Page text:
Prioritizes addressing the District’s racial wealth gap, tackling systemic barriers to access capital and supporting workers & small businesses most impacted by the pandemic
For Release: Thursday, July 1, 2021
Contact: Malcom Fox, 202-227-1701, firstname.lastname@example.org
Washington, DC – Today, the Committee on Business and Economic Development released its FY22 Budget report. Chairman Kenyan McDuffie prioritized funding programs that would reduce the District’s stark racial wealth gap, address gaps in access to capital for socially disadvantaged entrepreneurs and provide financial relief for workers and small businesses in industries that have been the most impacted by this pandemic.
“The Committee’s budget dollars must facilitate an equitable recovery and address the structural economic barriers for communities of color that predate this pandemic,” said Councilmember McDuffie. “The Child Wealth Building Act and guaranteed basic income programs are transformational policies designed to help break the cycle of generational poverty for District residents. I am also proud to advance financial relief for workers and small businesses that have been the most impacted by this pandemic.”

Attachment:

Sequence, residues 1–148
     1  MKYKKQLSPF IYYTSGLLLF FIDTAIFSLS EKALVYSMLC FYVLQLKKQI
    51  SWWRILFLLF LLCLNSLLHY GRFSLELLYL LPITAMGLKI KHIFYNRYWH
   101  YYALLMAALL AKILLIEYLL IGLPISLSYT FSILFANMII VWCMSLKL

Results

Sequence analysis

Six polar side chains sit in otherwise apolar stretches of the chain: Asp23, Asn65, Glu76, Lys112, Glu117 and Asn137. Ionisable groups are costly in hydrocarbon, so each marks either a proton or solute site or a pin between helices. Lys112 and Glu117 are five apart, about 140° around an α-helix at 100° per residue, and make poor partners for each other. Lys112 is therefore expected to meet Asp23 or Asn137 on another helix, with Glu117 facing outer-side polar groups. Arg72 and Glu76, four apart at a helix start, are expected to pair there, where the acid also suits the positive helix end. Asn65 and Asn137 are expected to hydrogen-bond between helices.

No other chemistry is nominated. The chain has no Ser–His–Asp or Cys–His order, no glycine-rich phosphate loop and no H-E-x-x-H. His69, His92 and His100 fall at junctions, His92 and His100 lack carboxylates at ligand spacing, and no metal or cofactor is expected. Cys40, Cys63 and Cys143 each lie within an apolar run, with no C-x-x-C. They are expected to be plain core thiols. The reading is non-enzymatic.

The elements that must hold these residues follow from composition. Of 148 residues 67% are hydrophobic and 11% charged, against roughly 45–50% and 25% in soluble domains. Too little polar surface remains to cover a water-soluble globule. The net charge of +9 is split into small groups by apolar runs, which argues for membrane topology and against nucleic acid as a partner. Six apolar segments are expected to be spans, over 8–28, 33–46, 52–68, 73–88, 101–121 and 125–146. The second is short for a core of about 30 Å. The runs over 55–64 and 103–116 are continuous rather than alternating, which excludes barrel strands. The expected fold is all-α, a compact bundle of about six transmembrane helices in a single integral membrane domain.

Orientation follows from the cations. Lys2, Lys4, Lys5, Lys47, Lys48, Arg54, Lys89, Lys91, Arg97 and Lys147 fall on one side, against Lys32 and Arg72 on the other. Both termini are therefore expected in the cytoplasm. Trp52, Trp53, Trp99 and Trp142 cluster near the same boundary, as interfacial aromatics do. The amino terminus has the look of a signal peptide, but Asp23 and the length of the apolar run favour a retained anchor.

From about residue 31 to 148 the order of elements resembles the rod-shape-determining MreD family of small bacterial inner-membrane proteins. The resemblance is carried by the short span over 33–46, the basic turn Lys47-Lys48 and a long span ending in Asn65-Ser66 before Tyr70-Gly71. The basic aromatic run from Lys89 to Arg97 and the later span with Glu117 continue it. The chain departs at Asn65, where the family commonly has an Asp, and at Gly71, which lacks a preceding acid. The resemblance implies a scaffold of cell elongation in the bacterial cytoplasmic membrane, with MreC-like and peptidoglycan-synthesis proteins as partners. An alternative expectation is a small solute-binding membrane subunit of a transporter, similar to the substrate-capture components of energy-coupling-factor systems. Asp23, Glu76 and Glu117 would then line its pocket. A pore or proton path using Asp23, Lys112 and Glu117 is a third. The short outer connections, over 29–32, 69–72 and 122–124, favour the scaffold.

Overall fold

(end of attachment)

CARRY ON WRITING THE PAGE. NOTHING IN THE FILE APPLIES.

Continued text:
The Committee report includes $9M of the $35M necessary to fund Councilmember McDuffie’s Child Wealth Building Act and $1.5M to support Guaranteed Basic Income pilot programs, both initiatives that would empower low and middle-income families to become financially secure and reduce structural inequities.
Councilmember McDuffie allocates $10M to create a new commercial acquisition fund that provides down payment assistance for local business owners to buy their space, thereby reducing commercial gentrification and displacement. The report also includes $6M in grants for local CDFIs and MDIs that have a demonstrated record of lending to and supporting small businesses owned by women and people of color at rates higher than traditional banks. Both initiatives reduce structural access to capital barriers that stymie economic growth in historically underresourced communities.
Low-wage workers and small businesses in the hospitality, service, and entertainment industries have been especially impacted during this pandemic and require additional financial assistance. The Committee on Business and Economic Development accepted $30M from the Labor Committee for a second round of Bridge Fund grants and approved $8M in relief for arts, culture, and entertainment venues.